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How Seemingly Harmless Items Could be Making Your Dog Sick

Americans all across the country are providing loving homes to almost ninety million dogs, and over the years, these dogs have become increasingly like family.  And although ‘Be Kind to Animals Week’ has come and gone, the health of furry family members should not be forgotten.  Although most pet owners are constantly trying to do what’s best, but unfortunately, despite the thirty million dollars Americans spend on vet bills, pets are not being insured like part of the family, and without adequate health attention, typical household items may be quietly causing harm to your fur baby.

Harmful Items

Most pet owners are aware of certain food items that can be harmful to their dogs, such as chocolate and grapes, but the list of items that could pose a risk to your pet is much longer.  Xylitol is a sweetener used in sugar free candy and gum, that causes liver failure and fatal hypoglycemia when ingested by a dog.  Common houseplants, including sago palms can cause a whole host of issues if a dog ingests any part of them, from vomiting, to uncontrolled hemorrhaging to death.  In addition to foods and various plants, scented items, such as candles can also cause problems for dogs, as well as being harmful to humans. Scented paraffin candles release several harmful or even cancer causing pollutants when burned, and the artificial scents they contain are no better.  Unfortunately, candles may pose an even greater risk to your dog than to yourself, as dogs can be drawn to the strong scent.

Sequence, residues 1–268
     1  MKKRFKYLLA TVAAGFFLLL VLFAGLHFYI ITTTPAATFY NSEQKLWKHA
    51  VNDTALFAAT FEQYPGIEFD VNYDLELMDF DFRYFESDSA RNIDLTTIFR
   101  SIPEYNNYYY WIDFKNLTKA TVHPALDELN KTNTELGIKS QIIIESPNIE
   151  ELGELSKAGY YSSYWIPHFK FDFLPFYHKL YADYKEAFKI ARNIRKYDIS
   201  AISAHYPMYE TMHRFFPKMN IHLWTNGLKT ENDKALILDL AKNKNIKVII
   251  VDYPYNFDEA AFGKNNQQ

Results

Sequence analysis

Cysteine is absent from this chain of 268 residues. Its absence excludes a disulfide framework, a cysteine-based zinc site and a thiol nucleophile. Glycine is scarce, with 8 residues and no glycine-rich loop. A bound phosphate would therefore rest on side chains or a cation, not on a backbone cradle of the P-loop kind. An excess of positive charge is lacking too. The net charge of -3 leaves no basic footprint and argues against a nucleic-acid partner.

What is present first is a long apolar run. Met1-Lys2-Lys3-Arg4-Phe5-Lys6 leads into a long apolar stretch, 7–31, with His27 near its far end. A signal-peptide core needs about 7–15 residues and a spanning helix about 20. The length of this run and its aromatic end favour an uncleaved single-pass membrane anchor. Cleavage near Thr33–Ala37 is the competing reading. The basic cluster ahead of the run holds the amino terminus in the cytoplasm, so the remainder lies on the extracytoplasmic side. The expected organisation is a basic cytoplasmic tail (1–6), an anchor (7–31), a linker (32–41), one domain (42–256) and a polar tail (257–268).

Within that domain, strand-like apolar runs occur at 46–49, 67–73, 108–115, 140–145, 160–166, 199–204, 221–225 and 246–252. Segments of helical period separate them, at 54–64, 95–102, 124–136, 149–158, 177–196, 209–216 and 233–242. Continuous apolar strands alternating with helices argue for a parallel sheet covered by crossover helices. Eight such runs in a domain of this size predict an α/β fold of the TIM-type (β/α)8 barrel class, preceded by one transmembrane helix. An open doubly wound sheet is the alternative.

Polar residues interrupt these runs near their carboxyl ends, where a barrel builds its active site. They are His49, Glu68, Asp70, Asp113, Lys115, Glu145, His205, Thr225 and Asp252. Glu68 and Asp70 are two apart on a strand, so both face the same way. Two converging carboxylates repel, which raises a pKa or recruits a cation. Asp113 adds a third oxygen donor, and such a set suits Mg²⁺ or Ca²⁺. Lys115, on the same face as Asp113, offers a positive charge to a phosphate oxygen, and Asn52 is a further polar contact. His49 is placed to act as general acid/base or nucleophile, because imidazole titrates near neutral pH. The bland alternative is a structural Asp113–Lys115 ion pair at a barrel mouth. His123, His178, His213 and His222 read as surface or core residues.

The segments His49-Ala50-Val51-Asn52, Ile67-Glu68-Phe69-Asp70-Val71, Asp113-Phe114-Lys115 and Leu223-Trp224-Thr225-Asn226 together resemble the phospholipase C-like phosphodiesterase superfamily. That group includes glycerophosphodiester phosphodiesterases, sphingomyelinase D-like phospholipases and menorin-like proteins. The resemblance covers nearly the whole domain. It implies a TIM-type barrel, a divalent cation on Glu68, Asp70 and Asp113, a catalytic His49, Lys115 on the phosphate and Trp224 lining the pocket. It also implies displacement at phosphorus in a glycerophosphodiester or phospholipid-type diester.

How to ‘Dog Proof’ Your Home

Being conscious about the items you choose to keep in your home could make the difference between pet life and death.  For example, buying soy candles will allow you to enjoy the ambiance a candle creates without causing harm to your dog.  Choosing house plants that won’t hurt your pet if ingested, such as a Bamboo Palm or Boston Fern will keep your pet safe and healthy.  Keep cleaning chemicals in an inaccessible cabinet, and if your pup is particularly nosy, invest in a cabinet lock.  Although making sure your dog cannot reach toxic chemicals is a good start, also consider switching to products with natural ingredients altogether.  They won’t release fumes, which is better for both you and your pet.

Most pet owners are unaware of the harm that many household items could be causing their pets, but it does not take much to eliminate harm and save on vet bills.

 

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